Career Profile, Salary, & Job Outlook —
What does a TV Editor do?
A TV editor removes unwanted footage in post-production and puts the remaining shots together to create a complete, finished show. They review materials, including the script, shot list, and footage outline. Then, editors go through raw footage taken during principal photography and choose the most effective shots.
How much does this career make?
According to Ziprecruiter, TV Editors make a national average of $52,329 or $25.16 an hour (as of March 2022). Entry-level editors make around $28,000 annually, with senior-level editors making $107,500 a year. Of course, this wide range also depends on skill, seniority, company, and location.
What is the job outlook for this career?
Analysts forecast that television revenue will grow to $231 billion by 2024. In addition, according to the U.S. Bureau of Labor Statistics (BLS), job opportunities in the editing field (including TV Editors) are expected to increase by 29% during the 2020-2030 decade.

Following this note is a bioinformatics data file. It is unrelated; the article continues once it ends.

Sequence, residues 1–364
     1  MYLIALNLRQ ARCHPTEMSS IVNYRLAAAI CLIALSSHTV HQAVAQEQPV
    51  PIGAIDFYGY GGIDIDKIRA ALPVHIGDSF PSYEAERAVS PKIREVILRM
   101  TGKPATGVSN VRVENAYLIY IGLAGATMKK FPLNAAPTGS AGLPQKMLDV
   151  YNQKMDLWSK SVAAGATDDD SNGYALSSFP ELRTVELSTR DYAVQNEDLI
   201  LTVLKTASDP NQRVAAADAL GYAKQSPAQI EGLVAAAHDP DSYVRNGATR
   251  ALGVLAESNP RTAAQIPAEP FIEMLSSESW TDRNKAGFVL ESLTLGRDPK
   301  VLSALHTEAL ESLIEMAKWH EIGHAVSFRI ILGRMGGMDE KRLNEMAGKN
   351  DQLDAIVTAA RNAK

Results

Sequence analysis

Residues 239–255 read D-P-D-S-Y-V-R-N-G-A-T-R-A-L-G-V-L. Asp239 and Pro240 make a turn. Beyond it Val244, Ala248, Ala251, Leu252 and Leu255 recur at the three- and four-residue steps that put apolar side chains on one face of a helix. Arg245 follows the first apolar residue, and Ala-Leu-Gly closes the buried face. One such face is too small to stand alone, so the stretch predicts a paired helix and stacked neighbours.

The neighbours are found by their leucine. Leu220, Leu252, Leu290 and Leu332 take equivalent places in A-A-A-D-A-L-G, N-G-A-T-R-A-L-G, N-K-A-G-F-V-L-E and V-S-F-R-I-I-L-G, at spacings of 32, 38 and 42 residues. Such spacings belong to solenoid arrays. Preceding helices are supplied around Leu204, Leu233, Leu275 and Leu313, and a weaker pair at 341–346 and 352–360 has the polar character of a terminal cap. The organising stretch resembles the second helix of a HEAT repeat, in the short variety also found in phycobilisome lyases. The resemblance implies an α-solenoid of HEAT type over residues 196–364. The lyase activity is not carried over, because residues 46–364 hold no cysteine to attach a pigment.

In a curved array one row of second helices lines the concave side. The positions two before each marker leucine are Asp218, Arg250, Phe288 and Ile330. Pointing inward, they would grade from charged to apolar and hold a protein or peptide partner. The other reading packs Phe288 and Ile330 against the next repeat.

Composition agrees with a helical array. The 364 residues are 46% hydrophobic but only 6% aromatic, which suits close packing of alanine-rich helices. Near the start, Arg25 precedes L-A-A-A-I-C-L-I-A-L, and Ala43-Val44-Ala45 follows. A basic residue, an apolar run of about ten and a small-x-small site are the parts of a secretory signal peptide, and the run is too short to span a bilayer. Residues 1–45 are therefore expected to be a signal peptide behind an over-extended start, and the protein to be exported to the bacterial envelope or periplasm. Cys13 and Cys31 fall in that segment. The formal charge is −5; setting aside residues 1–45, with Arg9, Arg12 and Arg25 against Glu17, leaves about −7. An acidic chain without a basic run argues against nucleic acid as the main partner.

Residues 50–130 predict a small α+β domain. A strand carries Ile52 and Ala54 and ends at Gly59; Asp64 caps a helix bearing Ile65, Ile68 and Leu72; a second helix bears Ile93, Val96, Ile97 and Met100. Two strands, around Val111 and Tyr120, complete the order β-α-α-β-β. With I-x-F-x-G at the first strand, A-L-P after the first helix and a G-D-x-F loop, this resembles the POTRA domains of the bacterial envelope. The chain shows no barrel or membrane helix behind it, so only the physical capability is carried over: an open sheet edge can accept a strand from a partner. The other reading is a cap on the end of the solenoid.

How to kick off your career:
- Practice editing software.
- Network with local filmmakers and edit short films.
- Explore the NYU x Rolling Stone x IndieWire Film + TV Industry Essentials online course.
- Download Yellowbrick’s Ultimate Television Career Guide.
Maisha Closson, Film & TV Industry Essentials contributor,
Executive Producer of The L Word: Generation Q
Colorist | Assistant Editor | Graphic Artist | Composer | Title Sequence Designer | Sound Designer | Foley Artist | Music Supervisor | Foley Engineer | Sound Mixer | Post Supervisor | ADR Mixer